Forgot your password?

Comment: Hmmm. (Score 1) 45

by jd (#47921793) Attached to: Astronomers Find Star-Within-a-Star, 40 Years After First Theorized

If Kip Thorne can win a year's worth of Playboys for his bet that Cygnus X1 was a Black Hole, when current theory from Professor Hawking says Black Holes don't really exist, then can Professor Thorne please give me a year's subscription to the porno of my choice due to the non-existent bet that this wasn't such a star?

Comment: Re:i like idea, but likely prohibitively expensive (Score 1) 138

by Overzeetop (#47914405) Attached to: Uber CEO: We'll Run Your Errands

Everything has a price, and if the buyer and seller come to an agreement then it's worth it. If you're a lawyer making $350/hr and you decide that it's worth $20 to have someone hand deliver your lunch instead of you going out and getting it, is that okay? If you're a driver getting 5 of those orders and hour and are grossing $100/hr, is that okay? What if you're just having a shitty day and $20 means getting a meal you *really* want without having to go out in the rain. You don't have to be rich to be lazy every once in a while.

Comment: Re:Screw Uber (a rant) (Score 1) 138

by Overzeetop (#47914379) Attached to: Uber CEO: We'll Run Your Errands

To be fair, both Uber and Amazon don't *want* to have people working for them in absolutely horrible conditions for little pay. On the contrary, they'd like to eliminate those positions entirely and automate everything. Which really doesn't bode any better for local service people.

OTOH, this shouldn't be a surprise. The computer geeks have already put many, many typists, calculators (people, not boxes), secretaries, drafters, and similar people out of business just as the industrial revolution put many laborers out of a job. Do you really think that self-checkouts and ATMs have increased the number of employees in checkers/teller positions?

Taxi drivers are not going to be happy about self-driving cars, and though it's not possible now, it will be in the future. The bar on what can and can't be done automatically raises each year. Those close to the line need to see the writing. Unfortunately, there are a lot of people who have already been passed by the line and will never / can never catch up to it. It's going to make for a very bumpy ride over the next half a century.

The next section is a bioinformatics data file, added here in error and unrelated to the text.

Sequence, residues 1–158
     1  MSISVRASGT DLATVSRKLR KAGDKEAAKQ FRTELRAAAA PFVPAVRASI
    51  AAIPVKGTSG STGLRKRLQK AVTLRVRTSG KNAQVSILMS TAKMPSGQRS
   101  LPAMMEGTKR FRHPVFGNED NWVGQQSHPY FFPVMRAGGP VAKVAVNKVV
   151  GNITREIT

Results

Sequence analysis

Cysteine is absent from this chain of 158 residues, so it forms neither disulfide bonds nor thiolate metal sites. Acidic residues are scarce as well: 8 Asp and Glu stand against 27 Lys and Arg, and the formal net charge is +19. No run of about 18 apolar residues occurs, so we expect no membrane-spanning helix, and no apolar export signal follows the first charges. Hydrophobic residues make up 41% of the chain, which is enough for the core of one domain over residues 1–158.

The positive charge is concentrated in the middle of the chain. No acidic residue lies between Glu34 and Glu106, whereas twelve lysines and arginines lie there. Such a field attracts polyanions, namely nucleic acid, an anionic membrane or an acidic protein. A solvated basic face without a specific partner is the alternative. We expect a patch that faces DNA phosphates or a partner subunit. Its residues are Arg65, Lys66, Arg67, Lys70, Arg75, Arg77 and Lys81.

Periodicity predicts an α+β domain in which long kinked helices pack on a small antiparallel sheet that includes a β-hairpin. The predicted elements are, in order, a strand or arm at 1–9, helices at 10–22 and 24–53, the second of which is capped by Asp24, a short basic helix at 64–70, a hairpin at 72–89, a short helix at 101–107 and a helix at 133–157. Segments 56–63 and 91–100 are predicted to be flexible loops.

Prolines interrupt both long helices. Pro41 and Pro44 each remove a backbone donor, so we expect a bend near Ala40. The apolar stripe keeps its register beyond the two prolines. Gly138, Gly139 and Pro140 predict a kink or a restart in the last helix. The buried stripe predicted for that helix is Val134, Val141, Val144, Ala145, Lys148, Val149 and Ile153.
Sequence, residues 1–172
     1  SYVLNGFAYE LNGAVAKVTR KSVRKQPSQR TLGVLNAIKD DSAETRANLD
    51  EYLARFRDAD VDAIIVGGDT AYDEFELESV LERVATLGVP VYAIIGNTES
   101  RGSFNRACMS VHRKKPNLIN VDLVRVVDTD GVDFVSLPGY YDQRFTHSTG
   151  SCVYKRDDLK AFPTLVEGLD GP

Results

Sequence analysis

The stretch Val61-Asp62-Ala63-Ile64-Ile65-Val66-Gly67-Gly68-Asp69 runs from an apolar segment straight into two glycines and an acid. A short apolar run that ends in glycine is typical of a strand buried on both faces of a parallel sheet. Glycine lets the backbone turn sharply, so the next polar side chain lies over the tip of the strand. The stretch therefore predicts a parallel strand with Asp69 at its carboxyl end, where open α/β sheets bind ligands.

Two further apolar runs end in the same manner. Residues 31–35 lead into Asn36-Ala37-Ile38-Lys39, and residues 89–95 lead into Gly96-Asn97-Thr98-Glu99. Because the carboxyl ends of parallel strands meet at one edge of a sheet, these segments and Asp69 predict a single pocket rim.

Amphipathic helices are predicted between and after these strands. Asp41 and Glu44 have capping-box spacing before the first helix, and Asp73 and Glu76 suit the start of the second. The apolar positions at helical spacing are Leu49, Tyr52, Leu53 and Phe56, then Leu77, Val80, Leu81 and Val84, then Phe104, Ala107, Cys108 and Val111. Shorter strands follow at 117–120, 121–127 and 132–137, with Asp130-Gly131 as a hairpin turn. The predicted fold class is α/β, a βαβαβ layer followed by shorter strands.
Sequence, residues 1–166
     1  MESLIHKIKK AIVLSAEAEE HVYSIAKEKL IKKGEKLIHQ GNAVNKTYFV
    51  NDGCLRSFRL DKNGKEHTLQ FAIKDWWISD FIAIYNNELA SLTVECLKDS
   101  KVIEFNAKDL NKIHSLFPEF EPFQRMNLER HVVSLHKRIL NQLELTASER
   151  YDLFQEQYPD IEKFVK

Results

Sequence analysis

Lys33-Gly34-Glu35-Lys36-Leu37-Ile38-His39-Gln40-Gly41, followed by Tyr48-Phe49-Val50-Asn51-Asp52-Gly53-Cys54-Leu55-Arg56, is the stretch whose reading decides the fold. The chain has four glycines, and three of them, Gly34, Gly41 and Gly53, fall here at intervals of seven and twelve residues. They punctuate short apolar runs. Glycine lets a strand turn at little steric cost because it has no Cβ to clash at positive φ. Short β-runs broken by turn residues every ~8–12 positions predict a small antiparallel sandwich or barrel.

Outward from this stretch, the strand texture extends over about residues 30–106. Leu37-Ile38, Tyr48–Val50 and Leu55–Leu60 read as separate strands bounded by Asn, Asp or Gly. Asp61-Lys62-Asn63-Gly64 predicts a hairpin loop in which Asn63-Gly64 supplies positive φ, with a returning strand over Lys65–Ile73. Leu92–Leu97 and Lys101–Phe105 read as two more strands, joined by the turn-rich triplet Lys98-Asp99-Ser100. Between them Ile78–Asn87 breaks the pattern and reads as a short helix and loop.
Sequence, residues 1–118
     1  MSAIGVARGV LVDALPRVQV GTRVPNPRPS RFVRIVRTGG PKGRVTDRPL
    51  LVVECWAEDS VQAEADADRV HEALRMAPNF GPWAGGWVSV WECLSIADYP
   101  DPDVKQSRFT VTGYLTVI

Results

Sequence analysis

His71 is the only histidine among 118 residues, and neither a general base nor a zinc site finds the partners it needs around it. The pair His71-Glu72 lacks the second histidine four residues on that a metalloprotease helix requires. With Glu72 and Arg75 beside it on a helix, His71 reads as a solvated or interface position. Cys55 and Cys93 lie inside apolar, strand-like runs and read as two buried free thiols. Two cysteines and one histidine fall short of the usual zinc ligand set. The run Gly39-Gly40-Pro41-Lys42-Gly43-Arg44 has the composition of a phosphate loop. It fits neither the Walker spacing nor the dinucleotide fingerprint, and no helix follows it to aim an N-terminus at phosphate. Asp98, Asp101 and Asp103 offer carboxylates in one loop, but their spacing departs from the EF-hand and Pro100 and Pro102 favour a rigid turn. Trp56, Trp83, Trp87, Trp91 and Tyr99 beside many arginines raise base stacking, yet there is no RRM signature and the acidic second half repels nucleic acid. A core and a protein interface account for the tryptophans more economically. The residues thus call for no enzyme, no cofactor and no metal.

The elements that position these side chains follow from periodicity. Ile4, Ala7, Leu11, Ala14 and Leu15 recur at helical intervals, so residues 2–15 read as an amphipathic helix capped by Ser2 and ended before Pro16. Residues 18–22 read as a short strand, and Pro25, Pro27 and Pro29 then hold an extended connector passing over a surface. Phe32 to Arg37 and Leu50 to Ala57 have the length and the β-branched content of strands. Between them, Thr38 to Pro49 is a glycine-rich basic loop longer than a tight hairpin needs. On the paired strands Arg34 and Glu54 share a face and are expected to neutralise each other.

Comment: Re:It's not Google's fault. It's Mozilla's. (Score 1) 129

by Hal_Porter (#47906759) Attached to: Chrome For Mac Drops 32-bit Build

Nobody forced Mozilla to make the stupid decisions that they did. In fact, a lot of Firefox users very vocally said, "No! We don't like that!" time and time again, release after release. But Mozilla didn't want to listen. Mozilla did everything in their power to ruin the Firefox experience. And now the entire web has to suffer.

Opera did the same thing. I still like Opera 12.x. But I prefer Chrome to the newer, Chromium based, versions of Opera. And the problem is that Opera 12.x is doomed in the long run.

Comment: Re:Encryption (Score 1) 104

Ahhh, but as soon as it's an emergency, then the rules are suspended and you don't need to be a HAM to broadcast and would not be limited by the regulations that HAM operators are required to follow. And, let's face it - in a true emergency situation all the rules go out the window anyway. When it comes to saving a life or following the written word of regulation, life safety will always trump.

The only real thing that keeps encryption from being on the airwaves is hardware support - i.e. the availability of radios which both encrypt and allow operation on HAM frequencies. Most manufacturers are obligated to respect the rules, though clearly some Chinese versions tend to not disallow operation that goes afoul of the US regs.

Comment: Re:Apple? (Score 1) 418

by Overzeetop (#47889955) Attached to: Windows Tax Shot Down In Italy

If OSX comes "free" with their hardware, but is also sold separately - or even just has a defined value separately - they will likely fall afoul of the law. Unless, of course, the judge is an Apple user in which case it will be swept under the rug.

iOS is definitely a different beast. You can't run any other software on an iDevice, and you can't buy it (developer licenses are not quite the same as an operational license). Same with Android and Windows Phone edition - the OS is arguably integral with the phone. At least, for now!

Comment: Re:Wow (Score 3, Insightful) 81

by causality (#47885343) Attached to: Net Neutrality Comments Surge Past 1.7M, an All-Time Record For the FCC

Man, when personal citizens' rights and powerful corporate interests align, amazing things can happen.

Now if we could only get powerful corporations to do the same thing on NSA overreach, CIA overreach, money in politiics, ...

If the majority of people would vote (at the ballot and with their wallets) for their own rational self-interests once in a while, and not what the silver-tongued TV sound bite sold to them, this would happen much more often. My cynical side tells me that few will ever appreciate the value of abstract principles in and of themselves, but the self-interest angle should be at least achievable.

Nothing will ever be attempted if all possible objections must be first overcome. -- Dr. Johnson